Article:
On Zion’s end, there’s understandably still a long way to go before ascending as the sort of basketball-math overlord that can anchor a contending team, but you can see the pathway. He’s such a natural finisher and so strong and explosive in space that he should be able to get into the paint with ease off the dribble, and should draw contact and live at the line with the way NBA games are officiated. He rarely takes a bad shot, and with his ability to grab and go off blocks and rebounds and run the floor with the ball in his hands, Williamson is a prolific conduit for efficient transition play. That alone, coupled with his defensive ranginess and rebounding skills bakes in a value floor. But to effectively shoulder the type of offense he could be capable of anchoring, he’ll need to become a better ball-handler (particularly going to his right) and a better free throw shooter (he shot 64% on 203 attempts at Duke) at minimum. And it’s not like asking him to revamp his style of play—if he’s willing to put in the work, those are two areas where Williamson can improve. With his strength, athleticism and around-the-rim scoring acumen, it’s not hard to see him becoming even more of an efficiency machine. But he needs the ball in his hands to maximize that potential.

Lance King/Getty Images

There’s also the matter of three-point shooting, which is trickier to project with optimism. Williamson isn’t a Simmons-esque non-shooter—he has demonstrated some touch, and made 33.8% of his 71 attempts from outside at Duke. But noting the iffy free-throw clip and the fact he is purely a set shooter right now (according to Synergy, he shot just 12 jumpers off the dribble this season and made two of them), it’s not necessarily reasonable to expect he improves much, and certainly not in a dynamic fashion. But hitting enough of his threes to keep defenders honest for now would go a long way. The good news is that Williamson rarely forces an uncomfortable look anyway, but in college, he could basically get to the basket whenever he wanted. When that becomes less of a luxury, and down the line when his athleticism begins to wane, he’ll need to evolve, too. If injuries ever become an impediment for him, Williamson’s skill level will have to cover for whatever he loses. Not every athletic marvel can pull off a Blake Griffin-like mid-career reinvention.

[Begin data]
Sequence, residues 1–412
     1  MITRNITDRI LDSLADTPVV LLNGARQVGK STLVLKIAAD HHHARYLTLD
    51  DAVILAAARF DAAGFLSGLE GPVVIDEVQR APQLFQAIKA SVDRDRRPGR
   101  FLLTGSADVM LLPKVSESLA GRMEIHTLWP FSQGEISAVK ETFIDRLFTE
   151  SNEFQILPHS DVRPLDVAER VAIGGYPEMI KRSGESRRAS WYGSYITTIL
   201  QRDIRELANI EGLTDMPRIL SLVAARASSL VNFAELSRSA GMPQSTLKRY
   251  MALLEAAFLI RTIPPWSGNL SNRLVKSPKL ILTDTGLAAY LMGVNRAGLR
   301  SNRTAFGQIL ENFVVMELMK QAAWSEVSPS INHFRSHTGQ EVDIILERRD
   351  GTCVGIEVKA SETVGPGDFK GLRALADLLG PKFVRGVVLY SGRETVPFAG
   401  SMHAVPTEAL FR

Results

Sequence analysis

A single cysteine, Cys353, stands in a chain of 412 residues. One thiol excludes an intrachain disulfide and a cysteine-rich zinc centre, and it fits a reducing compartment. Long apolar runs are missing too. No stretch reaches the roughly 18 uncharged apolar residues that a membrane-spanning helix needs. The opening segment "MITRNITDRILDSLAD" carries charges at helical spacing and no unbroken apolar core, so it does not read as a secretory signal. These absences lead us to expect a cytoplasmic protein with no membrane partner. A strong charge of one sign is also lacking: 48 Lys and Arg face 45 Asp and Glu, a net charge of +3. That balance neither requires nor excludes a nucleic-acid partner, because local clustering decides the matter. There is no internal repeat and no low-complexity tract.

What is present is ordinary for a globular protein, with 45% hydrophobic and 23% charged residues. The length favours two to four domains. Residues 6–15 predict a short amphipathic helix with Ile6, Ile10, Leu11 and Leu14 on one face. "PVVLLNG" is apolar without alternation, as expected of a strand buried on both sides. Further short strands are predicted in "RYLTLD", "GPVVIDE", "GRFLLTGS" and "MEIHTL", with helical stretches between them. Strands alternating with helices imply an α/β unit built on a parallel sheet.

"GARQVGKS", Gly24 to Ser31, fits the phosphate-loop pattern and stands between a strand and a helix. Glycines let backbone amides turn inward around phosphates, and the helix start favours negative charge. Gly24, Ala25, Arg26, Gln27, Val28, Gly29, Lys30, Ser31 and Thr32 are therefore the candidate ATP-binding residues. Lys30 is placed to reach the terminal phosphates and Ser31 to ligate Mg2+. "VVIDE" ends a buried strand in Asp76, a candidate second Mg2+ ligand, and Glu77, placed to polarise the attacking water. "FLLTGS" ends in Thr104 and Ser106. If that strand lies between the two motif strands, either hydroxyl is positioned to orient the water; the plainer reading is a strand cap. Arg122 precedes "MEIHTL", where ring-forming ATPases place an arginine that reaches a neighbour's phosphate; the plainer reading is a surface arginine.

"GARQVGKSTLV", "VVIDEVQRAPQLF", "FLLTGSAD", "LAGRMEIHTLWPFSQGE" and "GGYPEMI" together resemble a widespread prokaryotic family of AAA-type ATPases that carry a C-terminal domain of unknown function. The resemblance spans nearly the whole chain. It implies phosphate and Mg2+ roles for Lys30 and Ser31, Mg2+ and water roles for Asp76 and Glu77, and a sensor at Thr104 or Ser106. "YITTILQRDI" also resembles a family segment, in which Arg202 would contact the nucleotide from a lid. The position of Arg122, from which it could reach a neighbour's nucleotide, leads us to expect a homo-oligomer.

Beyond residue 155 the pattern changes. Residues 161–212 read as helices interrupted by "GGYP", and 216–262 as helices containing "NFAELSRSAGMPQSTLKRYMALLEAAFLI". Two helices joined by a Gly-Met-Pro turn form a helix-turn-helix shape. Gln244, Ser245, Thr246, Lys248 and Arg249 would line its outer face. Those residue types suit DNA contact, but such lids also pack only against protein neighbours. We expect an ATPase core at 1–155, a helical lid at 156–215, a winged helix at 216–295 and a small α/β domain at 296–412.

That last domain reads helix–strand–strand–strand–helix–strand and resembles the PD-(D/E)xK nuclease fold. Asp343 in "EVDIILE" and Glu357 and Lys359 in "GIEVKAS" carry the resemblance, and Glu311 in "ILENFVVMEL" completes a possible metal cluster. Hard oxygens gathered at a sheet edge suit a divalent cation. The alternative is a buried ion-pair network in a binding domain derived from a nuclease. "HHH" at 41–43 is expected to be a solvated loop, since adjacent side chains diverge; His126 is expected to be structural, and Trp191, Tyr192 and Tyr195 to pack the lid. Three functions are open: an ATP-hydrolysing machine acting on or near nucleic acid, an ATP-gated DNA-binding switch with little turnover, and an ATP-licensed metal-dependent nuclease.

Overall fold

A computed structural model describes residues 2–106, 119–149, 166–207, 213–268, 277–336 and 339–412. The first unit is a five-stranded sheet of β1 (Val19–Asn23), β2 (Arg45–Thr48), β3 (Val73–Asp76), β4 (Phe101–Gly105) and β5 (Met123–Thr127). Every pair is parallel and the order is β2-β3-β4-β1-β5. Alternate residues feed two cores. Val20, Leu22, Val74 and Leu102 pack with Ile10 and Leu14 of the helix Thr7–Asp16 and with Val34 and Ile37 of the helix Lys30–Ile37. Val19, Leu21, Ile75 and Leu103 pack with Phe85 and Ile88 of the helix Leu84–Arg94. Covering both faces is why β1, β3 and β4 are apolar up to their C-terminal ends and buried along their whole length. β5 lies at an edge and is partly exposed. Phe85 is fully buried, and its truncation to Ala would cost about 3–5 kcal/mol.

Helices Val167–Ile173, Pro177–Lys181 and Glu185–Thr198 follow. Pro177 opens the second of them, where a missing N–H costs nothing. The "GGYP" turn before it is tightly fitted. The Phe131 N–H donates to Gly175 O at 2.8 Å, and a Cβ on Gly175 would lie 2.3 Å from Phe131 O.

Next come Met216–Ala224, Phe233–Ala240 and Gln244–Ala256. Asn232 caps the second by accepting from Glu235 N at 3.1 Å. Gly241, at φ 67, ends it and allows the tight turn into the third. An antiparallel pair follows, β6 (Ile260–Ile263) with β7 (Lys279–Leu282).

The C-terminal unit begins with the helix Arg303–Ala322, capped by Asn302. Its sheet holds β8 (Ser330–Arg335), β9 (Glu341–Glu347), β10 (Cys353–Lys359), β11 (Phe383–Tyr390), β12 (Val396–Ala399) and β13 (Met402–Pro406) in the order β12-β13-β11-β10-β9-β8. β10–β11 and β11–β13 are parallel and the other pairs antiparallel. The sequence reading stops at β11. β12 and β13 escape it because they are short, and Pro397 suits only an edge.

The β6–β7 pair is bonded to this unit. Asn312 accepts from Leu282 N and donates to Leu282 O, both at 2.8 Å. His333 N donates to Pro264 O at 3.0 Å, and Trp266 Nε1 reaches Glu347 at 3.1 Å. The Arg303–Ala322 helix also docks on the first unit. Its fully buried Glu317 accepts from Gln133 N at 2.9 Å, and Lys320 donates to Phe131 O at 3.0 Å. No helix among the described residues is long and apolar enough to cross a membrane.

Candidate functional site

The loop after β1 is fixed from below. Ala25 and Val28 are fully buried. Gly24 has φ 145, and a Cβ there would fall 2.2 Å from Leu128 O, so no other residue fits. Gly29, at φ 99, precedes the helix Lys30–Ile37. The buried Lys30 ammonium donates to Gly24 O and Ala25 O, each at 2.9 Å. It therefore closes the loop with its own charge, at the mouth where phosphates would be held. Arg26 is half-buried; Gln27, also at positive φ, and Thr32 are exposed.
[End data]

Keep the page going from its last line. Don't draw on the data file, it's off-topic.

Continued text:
Still, it’s hard not to look at Williamson’s age (he only turns 19 in July), prodigious college output and elite-caliber physical gifts and not see a starry future. Imagine putting four three-point shooters around him and letting him go to work with the ball in his hands, at a point in his career where he’s capable of making reads and creating shots for others, and that’s where the maximum upside lies. If he puts in the work to get there, it’s not a total pipe dream. It might not be easy for whoever wins the lottery to retool their entire roster around him right away, but if Williamson delivers anything close to what he might become, at some point, he dictates the direction of your roster. He has to. And for all the debate about what his best team fit might be, the answer could be as simple as a forward-thinking organization. Here’s hoping.